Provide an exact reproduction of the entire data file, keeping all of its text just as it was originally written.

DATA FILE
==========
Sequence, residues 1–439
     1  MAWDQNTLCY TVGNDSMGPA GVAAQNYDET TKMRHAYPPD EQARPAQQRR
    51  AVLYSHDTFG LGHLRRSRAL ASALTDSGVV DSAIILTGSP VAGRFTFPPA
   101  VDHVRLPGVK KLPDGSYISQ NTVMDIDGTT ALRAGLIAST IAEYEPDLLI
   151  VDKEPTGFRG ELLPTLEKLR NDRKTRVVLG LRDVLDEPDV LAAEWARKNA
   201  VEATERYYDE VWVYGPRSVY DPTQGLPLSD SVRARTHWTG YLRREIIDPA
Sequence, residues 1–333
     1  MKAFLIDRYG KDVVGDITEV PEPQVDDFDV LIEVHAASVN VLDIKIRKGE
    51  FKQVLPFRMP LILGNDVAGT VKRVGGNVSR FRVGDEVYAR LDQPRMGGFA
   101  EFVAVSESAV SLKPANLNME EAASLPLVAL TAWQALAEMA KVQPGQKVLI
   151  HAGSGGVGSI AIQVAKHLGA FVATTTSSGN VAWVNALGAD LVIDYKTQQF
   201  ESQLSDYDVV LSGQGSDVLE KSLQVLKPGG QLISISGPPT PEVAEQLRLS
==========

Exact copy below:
Sequence, residues 1–439
     1  MAWDQNTLCY TVGNDSMGPA GVAAQNYDET TKMRHAYPPD EQARPAQQRR
    51  AVLYSHDTFG LGHLRRSRAL ASALTDSGVV DSAIILTGSP VAGRFTFPPA
   101  VDHVRLPGVK KLPDGSYISQ NTVMDIDGTT ALRAGLIAST IAEYEPDLLI
   151  VDKEPTGFRG ELLPTLEKLR NDRKTRVVLG LRDVLDEPDV LAAEWARKNA
   201  VEATERYYDE VWVYGPRSVY DPTQGLPLSD SVRARTHWTG YLRREIIDPA
Sequence, residues 1–333
     1  MKAFLIDRYG KDVVGDITEV PEPQVDDFDV LIEVHAASVN VLDIKIRKGE
    51  FKQVLPFRMP LILGNDVAGT VKRVGGNVSR FRVGDEVYAR LDQPRMGGFA
   101  EFVAVSESAV SLKPANLNME EAASLPLVAL TAWQALAEMA KVQPGQKVLI
   151  HAGSGGVGSI AIQVAKHLGA FVATTTSSGN VAWVNALGAD LVIDYKTQQF
   201  ESQLSDYDVV LSGQGSDVLE KSLQVLKPGG QLISISGPPT PEVAEQLRLS